Powerful Visual Sources Capturing Comfort Women's Plight
It is hard to grasp the atrocities silenced young girls from nearly a century ago had to face. However, if you dig hard enough, there are lots of incredible sources about the Comfort Women that provide a vivid and comprehensive depiction of their survival and pain. Here are a few, ranging from short youtube clips to full-production movies, that will help you come one step closer to understanding the arduous journey of the Comfort Women.
1. Grass [Graphic Novel]
A graphic biography by Keum Suk Gendry-Kim of surviving Comfort Woman Lee Ok Sun. Kim uses grass as a metaphor for the resilient women whose youth were trampled upon, but continue to spring up again and again, and continue to fight against historical denialism.
2. My Name is KIM Bok Dong [Movie on Netflix]
Kim Bok Dong was born in Yangsan in Gyeongsangnamdo on May 1, 1926. When she was 14, she was taken and told she would work in a factory. Instead, she endured years of sexual slavery in Guangdong Province, China. According to Kim, “On weekdays, I had to take 15 soldiers a day… on Saturdays and Sundays, it was more than 50.”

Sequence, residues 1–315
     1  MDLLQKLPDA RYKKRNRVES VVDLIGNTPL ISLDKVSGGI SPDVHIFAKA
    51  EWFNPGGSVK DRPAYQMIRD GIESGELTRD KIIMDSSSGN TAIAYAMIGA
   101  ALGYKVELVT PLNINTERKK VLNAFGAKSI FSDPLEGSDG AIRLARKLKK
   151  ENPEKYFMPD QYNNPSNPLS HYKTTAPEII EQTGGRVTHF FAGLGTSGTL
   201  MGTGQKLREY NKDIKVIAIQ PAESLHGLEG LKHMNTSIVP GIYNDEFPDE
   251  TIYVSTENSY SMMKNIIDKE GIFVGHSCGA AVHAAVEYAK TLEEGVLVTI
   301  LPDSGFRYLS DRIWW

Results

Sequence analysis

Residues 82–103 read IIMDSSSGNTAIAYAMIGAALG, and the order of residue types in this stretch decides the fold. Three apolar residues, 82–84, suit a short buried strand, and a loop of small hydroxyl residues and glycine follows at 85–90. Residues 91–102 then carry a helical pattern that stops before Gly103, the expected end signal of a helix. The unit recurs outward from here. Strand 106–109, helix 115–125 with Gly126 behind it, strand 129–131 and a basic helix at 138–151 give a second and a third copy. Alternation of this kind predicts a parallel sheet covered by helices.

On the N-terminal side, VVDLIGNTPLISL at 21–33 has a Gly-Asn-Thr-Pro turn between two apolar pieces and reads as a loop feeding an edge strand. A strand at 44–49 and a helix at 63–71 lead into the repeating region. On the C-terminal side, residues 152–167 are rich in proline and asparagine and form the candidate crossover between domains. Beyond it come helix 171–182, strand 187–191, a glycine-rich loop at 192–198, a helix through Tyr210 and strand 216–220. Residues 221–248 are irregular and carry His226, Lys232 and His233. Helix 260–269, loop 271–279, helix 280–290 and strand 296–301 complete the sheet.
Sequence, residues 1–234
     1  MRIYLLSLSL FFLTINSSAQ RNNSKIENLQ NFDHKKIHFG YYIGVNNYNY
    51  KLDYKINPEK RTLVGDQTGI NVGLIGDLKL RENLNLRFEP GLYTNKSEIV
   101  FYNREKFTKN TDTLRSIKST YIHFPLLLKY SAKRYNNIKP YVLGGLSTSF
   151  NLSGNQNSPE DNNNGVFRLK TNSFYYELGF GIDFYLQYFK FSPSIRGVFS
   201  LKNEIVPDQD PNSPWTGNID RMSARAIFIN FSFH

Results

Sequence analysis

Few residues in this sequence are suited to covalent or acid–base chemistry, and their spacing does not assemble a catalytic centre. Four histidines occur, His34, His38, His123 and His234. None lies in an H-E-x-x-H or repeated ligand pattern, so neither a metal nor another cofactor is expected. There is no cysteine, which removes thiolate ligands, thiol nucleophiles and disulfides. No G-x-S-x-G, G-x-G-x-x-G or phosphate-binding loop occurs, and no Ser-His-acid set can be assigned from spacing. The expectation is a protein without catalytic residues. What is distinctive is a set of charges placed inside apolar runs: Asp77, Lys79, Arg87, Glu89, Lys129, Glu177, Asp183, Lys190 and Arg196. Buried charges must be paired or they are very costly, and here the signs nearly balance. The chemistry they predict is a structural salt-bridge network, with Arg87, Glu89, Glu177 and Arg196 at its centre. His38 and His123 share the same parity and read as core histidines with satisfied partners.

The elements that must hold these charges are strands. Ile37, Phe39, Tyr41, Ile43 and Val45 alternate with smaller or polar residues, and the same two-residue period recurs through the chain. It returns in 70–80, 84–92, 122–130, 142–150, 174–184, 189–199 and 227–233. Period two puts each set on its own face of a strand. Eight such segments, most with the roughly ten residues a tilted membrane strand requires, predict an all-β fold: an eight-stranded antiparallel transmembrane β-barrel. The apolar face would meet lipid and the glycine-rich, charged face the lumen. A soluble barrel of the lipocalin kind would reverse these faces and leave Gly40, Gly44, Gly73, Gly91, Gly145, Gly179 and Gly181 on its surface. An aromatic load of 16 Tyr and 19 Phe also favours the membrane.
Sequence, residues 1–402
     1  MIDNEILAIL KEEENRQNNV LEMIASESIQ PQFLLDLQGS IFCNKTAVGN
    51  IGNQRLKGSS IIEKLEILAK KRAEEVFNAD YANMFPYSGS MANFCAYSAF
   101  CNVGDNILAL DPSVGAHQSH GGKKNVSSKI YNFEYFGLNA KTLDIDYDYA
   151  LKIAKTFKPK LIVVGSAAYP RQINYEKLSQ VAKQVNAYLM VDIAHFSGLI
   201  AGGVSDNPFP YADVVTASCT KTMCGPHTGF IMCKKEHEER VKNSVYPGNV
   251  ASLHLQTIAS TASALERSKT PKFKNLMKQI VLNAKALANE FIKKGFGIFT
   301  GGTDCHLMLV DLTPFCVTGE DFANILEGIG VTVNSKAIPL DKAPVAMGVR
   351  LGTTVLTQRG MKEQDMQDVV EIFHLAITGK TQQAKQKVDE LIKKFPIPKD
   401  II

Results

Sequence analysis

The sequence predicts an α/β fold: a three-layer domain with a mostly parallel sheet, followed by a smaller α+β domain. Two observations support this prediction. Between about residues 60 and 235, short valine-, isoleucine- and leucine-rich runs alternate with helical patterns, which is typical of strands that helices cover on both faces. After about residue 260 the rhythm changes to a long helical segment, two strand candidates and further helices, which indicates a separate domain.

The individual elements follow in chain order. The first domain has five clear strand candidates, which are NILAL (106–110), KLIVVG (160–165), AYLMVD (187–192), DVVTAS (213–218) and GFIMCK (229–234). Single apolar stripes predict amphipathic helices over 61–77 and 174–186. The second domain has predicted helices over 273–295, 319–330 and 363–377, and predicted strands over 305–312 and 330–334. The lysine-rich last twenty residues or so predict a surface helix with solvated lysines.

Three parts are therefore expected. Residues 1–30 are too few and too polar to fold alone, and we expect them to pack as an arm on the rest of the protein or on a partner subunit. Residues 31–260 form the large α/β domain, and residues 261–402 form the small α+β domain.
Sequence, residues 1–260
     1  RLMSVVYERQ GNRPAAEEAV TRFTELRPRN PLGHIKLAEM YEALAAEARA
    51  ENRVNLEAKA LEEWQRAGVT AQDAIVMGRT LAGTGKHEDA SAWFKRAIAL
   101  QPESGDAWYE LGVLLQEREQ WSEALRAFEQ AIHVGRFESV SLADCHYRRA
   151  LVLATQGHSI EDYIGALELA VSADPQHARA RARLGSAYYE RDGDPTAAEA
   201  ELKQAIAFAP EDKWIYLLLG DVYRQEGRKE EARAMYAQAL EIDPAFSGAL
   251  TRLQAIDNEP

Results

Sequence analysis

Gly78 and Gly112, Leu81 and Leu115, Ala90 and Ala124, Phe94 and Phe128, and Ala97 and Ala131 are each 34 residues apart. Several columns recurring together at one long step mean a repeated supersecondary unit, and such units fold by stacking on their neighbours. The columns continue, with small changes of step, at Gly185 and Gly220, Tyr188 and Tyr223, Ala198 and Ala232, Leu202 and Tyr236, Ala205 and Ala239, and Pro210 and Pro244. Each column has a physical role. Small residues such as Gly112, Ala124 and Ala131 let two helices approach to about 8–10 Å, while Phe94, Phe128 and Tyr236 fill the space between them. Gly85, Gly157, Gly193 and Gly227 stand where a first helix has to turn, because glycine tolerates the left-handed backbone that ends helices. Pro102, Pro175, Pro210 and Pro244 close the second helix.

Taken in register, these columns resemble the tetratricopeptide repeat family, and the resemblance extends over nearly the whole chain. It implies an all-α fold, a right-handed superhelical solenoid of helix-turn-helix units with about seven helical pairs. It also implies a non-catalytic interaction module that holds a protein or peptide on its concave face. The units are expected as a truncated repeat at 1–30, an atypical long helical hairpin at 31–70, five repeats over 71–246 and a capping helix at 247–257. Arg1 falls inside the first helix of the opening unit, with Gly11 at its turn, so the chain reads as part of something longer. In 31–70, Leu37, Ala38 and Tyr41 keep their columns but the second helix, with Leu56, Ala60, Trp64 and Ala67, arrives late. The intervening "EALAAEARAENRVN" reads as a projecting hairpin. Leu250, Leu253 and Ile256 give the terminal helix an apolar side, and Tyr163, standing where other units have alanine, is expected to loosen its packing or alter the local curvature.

She came back home when she was 22. Like the other Comfort Women, Kim was ashamed of her experience and kept her story a secret until finally 50 years later, in 1992, she stepped forward and demanded an official apology from the Japanese government. She quickly became a prominent and beloved activist who fought for victims of sexual violence all over the world. She passed away in January 2019, at the age of 92. This movie documents her incredible and courageous life.
3. “Herstory” [Full Animation]
Animation about the Comfort Women, produced with actual voices of the victims.
4. Spirits’ Homecoming [movie]
Directed by Cho Jung-rae and financed through donations from Korean citizens, Spirits’ Homecoming is about a 14 year old girl and the other girls she meets in a Comfort Station, who were brutalized and killed.